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2011 Big Smoke Saturday Seminars: Top Three Legal Cigars of 2010 Tasting
Posted: November 2, 2011
Halloween weekend in Las Vegas can be described as a combination of Mardi Gras, Carnival, and some spooky pageantry. Its casinos are full of characters whose costumes range from the surreal to the sexy and its vast atriums are decorated in welcoming autumnal colors, warmed by a theme of harvest—and the smell of cigar smoke, thanks to Cigar Aficionado magazine’s 16th annual Las Vegas Big Smoke celebration.
The event came early this year to the Venetian Hotel, coinciding with one of Vegas’s most festive weekends, though Big Smoke loyalists were not deterred. Celebrity parties up and down the strip mean nothing to a cigar enthusiast when so many industry luminaries and cigar lovers converge as they do at the Big Smoke weekends.
The seminars, which are the perfect balance of the academic and the recreational, began at nine o’clock Saturday morning, where each attendee was handed a Humidipak bag containing our top three non-Cuban cigars of 2010. For a cigar lover, this is a particularly exciting offering, as many Big Smoke guests live in areas where these cigars are exceedingly difficult, if not impossible, to obtain.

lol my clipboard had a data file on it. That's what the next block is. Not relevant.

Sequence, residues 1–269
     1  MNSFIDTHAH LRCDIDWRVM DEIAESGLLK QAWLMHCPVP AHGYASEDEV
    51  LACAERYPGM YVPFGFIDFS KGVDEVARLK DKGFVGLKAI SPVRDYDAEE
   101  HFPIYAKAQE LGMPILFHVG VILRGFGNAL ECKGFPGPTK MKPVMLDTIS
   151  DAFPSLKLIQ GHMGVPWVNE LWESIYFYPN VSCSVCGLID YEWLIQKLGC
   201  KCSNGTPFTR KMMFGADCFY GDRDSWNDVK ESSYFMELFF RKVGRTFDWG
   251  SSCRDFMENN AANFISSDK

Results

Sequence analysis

“Twenty years ago this month I was sitting in my office and Marvin Shanken walked in and said ‘How’d you like to work on a cigar magazine?’ Honestly, I thought he was just having a bad day. I mean, a cigar magazine in 1992? We were in a sort of mini recession and the anti-tobacco folks were on a rampage. Nine months later, the magazine was in a warehouse in Chicago waiting for shipment to the first RTDA we ever attended. Here we are 20 years later, and I have all of you to thank.”
Mott went on to introduce the first cigar of the morning, Viaje’s Oro Reserva VOR No. 5, the No. 2 Cigar of 2010.
“Smoking it was one of those revelations. It was like ‘Wow, what is this?” said Mott. “I had never heard of it.”
The brand is owned by 33-year-old Andre Farkas, who started the company in January of 2008. After a brief but memorable stint in cigar retail, Farkas realized that his career as a talent agent in Los Angeles was unfulfilled and yearned to be back in the tobacco business, explaining his dissatisfaction with the entertainment industry: “If you didn’t give up your entire existence to the job,” he said, “there was no chance for success.”
Originally produced in the Joya de Nicaragua factory, Viaje is now made at Raices Cubanas in Honduras and the Oro Reserva was part of a small-batch production.
“Being a small manufacturer gives me tremendous freedom to be creative, to control quality and to be nimble as a company. I can change directions at a moment’s notice,” said Farkas. The audience listened as they smoked his cigar, which is a blend of Nicaraguan tobacco from different growing regions. A Corojo ’99 wrapper covers a double binder of Corojo and criollo around filler tobacco from the country’s three major growing regions, Jalapa, Condega and Estelí.
Comments 2 comment(s)
Ed Harvey — Auburn, WA, United States, — November 3, 2011 3:55am ET
audyaver — November 8, 2011 3:39pm ET
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